When people talk about clinical audit, most healthcare professionals immediately think of research. It is true that research and audit share similarities. They both involve answering specific questions which relate to the quality of care. They can both be carried out either prospectively or retrospectively. It is also true that both audit and research involve careful sampling, questionnaire design principles, and data collection and analysis. The truth is that there are more differences between them as they work towards different goals.
So, what is research, and what is clinical audit?
“a structured activity which is intended to provide new knowledge which is generalisable (i.e. of value to others in a similar situation) and intended for wider dissemination” (Department of Health, 2002)
‘ …a quality improvement process that seeks to improve patient care and outcomes through systematic review of care against explicit criteria and the implementation of change. Aspects of the structure, processes and outcomes of care are selected and systematically evaluated against explicit criteria. Where indicated, changes are implemented at an individual, team, or service level and further monitoring is used to confirm improvement in healthcare delivery. ‘ (Principles for Best Practice in Clinical Audit, NICE, 2002)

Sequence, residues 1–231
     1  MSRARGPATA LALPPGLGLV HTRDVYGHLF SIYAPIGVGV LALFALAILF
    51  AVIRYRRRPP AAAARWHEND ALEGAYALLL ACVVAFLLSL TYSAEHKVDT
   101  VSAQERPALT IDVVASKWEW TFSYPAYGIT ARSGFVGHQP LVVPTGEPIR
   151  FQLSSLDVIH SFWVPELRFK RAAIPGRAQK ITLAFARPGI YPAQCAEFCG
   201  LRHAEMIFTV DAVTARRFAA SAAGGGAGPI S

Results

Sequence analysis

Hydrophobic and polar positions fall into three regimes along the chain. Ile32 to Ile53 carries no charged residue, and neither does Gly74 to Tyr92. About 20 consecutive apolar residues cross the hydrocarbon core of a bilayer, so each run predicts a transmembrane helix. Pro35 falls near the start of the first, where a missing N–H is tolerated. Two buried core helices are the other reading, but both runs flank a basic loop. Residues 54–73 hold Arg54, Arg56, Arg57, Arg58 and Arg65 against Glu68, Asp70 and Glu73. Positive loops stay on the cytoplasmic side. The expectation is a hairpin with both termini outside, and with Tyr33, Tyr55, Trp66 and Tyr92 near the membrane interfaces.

Did that help? If not, then here are a couple of simpler definitions put into context:
Clinical audit and research are similar in the following ways:
Ok, so now we know what research and clinical audit are, and what their similarities are; but what are the differences between them?
The following 12 points should help you decide if your project is clinical audit or if it is research:
One can’t survive without the other. To be completely effective research can’t survive without audit as we wouldn’t know whether best practice was being carried out, and audit can’t survive without research as without research we wouldn’t know what best practice was! Research identifies areas for clinical audit and clinical audit identifies areas for research.
Still can’t decide if your project is audit or research? Try answering honestly to the three questions below.
If you have answered yes to questions 1 and 2 and no to question 3, then it is fairly safe to say that you are thinking of doing a clinical audit. If you can’t then you are probably doing a form of research.
Our explanatory page is entirely drawn from an excellent guide written by The Leeds Teaching Hospitals NHS Trust. Grateful thanks to them for preparing such a clear description of the distinctions between audit and research.